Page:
Quite a few dogs are retired due to allergy problems, but they’re not something people think about a lot. I got off relatively light with Ms. Pup’s issues.

Post #: 20/49
Total so far: $1120.34
Make that total higher! Donate to the Guide Dog Foundation for the Blind, Inc.


Unclear on the concept

December 8, 2008

I like people in general, but sometimes they’re a little dumb. For example, the other day I was at the gym, being decidedly not-buff, and of course Ms. Pup was with me. I sat down at the shoulder-stretcher (or whatever it’s called), all ready to dislocate my upper torso in the name of better health, and she plopped down next to me, as she is wont to do. Immediately, this guy wanders up and starts petting her. I clearly need a better opening salvo, because, “She’s working,” only works about half the time at getting people to leave the dog alone. This occasion fell into the other half.

“She’s working.”
“Oh, are you training her?”
“No, she’s trained.”
“And she’s yours?”
“Yes, she’s mine.”
“So she’s working right now?”
“Yes, she is.”
“So what’s her job, what does she do?”
“She’s a guide dog.”
“For you?”
“Yes. So please stop petting her.”

But the petty little examples of, “Huh?” in my life don’t hold a candle to the gem that found its way into my inbox this week. In the famous words of Dave Barry, I am not making this up.

A gun manufacturer is trying to get a gun approved by the FDA as a medical device – and covered by Medicare.

Seriously. Note that this gun is not yet in production. It is a theoretical gun. (I guess that’s the safest kind). And it is theoretically designed for easy use by elderly folks and people with disabilities. And because it is specifically for elderly folks and people with disabilities, it must be a medical device! Of course! So let’s get it approved by the FDA! Even though it’s, y’know, a GUN. Or rather it would be, if it existed yet.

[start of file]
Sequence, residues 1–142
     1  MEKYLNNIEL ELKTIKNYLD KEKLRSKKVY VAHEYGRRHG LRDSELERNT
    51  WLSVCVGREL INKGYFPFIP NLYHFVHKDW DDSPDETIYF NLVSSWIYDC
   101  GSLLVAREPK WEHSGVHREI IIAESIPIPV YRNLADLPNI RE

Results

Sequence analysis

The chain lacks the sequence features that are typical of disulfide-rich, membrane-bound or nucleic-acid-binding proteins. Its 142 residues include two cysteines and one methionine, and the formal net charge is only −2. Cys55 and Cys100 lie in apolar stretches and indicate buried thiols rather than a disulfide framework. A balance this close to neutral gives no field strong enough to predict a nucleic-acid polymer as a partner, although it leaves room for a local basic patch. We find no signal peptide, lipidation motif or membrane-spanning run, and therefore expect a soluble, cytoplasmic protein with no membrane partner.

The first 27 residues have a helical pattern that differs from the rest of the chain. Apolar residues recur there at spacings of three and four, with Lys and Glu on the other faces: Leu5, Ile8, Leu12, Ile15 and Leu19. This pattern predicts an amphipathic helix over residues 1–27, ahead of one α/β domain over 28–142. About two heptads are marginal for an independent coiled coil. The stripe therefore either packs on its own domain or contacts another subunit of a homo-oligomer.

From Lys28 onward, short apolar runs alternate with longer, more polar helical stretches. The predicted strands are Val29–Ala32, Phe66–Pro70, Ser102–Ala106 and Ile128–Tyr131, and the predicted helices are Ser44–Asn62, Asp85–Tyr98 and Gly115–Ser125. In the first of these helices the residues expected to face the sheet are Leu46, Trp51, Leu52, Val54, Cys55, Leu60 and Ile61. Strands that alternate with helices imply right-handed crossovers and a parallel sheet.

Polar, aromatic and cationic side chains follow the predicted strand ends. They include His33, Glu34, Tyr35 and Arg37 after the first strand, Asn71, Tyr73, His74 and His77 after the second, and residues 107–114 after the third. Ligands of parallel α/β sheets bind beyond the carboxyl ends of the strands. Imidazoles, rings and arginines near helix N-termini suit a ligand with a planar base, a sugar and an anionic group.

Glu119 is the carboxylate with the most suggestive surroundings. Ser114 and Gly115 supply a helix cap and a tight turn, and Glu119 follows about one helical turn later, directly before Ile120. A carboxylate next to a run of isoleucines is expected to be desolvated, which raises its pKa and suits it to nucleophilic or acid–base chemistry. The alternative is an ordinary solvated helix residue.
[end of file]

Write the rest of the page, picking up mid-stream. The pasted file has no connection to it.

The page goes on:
In order to get it to exist, the manufacturer needs money. So this theoretical gun is being sold for real money, on the premise that it’s been approved by the FDA as a medical device, and that for its next trick, it will become reimbursable by Medicare.

The FDA itself is skeptical, at best. They say that what they sent the manufacturer was no approval notice; it was simply a confirmation that they’d received a registration. And Medicare reimbursement? For a gun? People have enough trouble getting new wheelchairs! And you’ll notice that the wheelchair hasn’t exactly needed a campaign to convince folks that they don’t kill people, lately?

I have no problem with the existence of adapted guns, at least no more than I do with the existence of any other kind of gun. If people without disabilities get to run around with deadly weapons, then hey, people with disabilities should be able to run around with deadly weapons too. (And in fact we do particpate in sport shooting; paralyzed riflemen and women use sip-and-puff mechanisms, among other things, to shoot rifles competitively in the National Veterans Wheelchair Games). I have a huge problem with the concept of a gun as a medical device, much less one approved and reimbursed by the government. I’m also not thrilled that anything used by people with disabilities is automatically viewed as a medical device. By that logic, my computer, my TV, and my sofa are also medical devices. Except less dangerous.

Although Ms. Pup is a designated medical device according to the folks who administer my flexible healthcare spending account. I’ll admit that I don’t complain much about that. But guide dog versus gun – sorry, no contest there. Also, my dog actually exists. I know, because she ate the middle finger out of my glove this evening while I was having dinner.